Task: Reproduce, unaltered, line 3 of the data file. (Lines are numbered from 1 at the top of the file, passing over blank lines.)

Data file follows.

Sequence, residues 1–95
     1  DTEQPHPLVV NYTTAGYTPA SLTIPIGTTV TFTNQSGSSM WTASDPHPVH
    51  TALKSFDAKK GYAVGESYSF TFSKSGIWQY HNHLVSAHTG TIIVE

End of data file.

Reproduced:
    51  TALKSFDAKK GYAVGESYSF TFSKSGIWQY HNHLVSAHTG TIIVE